§ 3. Mrs. Joyce Butler
asked the Secretary of State for Social Services how many hospital maternity units are now inducing labour in confinements as an administrative convenience; what guidance is given to mothers in regard to the effects of this procedure on themselves or on their babies; and what provision is made in such units for mothers to decline induction if there is no medical need for it.
§ Dr. Owen
Induced births as a percentage of all hospital deliveries in England and Wales have risen from 13.7 per cent. in 1963 to 31.5 per cent. in 1972. The reasons for this increase are being investigated. I would expect the use of this procedure to be fully discussed and agreed with the woman herself, who would have the same right to refuse induction as she has to refuse any other form of treatment offered to her.
§ Mrs. Butler
I thank my hon. Friend for his reply. Will he consider issuing guidelines to hospitals on the advice and help they should give to mothers who are experiencing the procedure, in view of the great disquiet which is felt among women about this whole process? Will he also consider—I understand that he has a survey in hand—advising hospitals to go slow on the special induction procedure while the survey is being undertaken and until its results are known?
§ Sir B. Rhys Williams
As this is a widespread practice even when the condition of mother and baby does not seem to require it, should we not study the side effects even more carefully? Is it not possible that there may be some danger where the skills and facilities available are not necessarily of the very best?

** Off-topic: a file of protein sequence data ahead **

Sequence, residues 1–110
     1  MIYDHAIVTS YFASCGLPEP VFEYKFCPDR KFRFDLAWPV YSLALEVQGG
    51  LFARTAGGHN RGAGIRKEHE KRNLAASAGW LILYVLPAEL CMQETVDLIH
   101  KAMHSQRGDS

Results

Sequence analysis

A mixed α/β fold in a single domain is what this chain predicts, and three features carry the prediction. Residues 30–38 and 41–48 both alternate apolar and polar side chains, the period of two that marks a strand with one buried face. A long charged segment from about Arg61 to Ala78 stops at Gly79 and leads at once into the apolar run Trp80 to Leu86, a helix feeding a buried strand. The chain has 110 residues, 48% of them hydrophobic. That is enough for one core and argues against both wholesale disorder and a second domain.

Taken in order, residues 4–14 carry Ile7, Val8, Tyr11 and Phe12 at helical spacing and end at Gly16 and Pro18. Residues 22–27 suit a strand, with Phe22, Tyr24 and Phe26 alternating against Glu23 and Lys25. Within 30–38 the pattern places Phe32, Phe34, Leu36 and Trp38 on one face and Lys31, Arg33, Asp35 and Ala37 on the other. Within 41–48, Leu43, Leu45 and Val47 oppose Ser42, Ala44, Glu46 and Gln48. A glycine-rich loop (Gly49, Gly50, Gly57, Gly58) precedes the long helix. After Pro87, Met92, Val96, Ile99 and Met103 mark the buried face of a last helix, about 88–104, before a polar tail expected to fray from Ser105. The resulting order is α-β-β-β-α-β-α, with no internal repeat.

§ Mrs. Knight
Does the Minister realise that many people are worried by the rise in the figures he has given us—namely, from 13 per cent. in 1963 to 31.5 per cent. now? Is it not the case that in some hospitals the figure is high as 50 per cent? Does the Minister recognise that most women believe that the delivering of babies is not a nine-till-five, Monday-to-Friday business? Does he appreciate that pregnant women are worried that their well-being and the well-being of their children is being placed second to social convenience? Are there any statistics to disprove the view that is still held by many doctors that to interfere with the natural process of childbirth can be justified only where medical reasons make induction necessary?
§ Dr. Owen
That only reinforces the need for the facts. Women rightly regard childbirth as a natural process. They regard it as a process not without discomfort but as essentially a normal process. Before we intervene we have to judge carefully the grounds for intervention. There is an old physician's prayer which says "From inability to leave well alone, good Lord deliver us".
§ Mrs. Colquhoun
In view of the very unsatisfactory nature of his reply, does 234 my hon. Friend accept that we must have an urgent inquiry into a situation in which women are being asked to have their babies only during office hours? We do, not know what detrimental effect this will have on the women or on the babies. Does my hon. Friend appreciate that serious concern is felt by many people on this issue? Will he give an assurance that the House will have an opportunity to debate the matter?
§ Dr. Owen
I do not know why my hon. Friend is dissatisfied. I have told her that I share the concern that is felt. In fact, I shared that concern even before the programme which aroused a great deal of public controversy appeared on our television screens. We have instigated inquiries and surveys to establish the facts. As my hon. Friend has said, we do not fully know all the facts. We want to examine the situation so that we do not reach conclusions on unsubstantiated foundations. There is justifiable concern about the possibility of induction taking place for administrative convenience. The facts are not yet fully established and it will take time to do this. I share my hon. Friend's concern.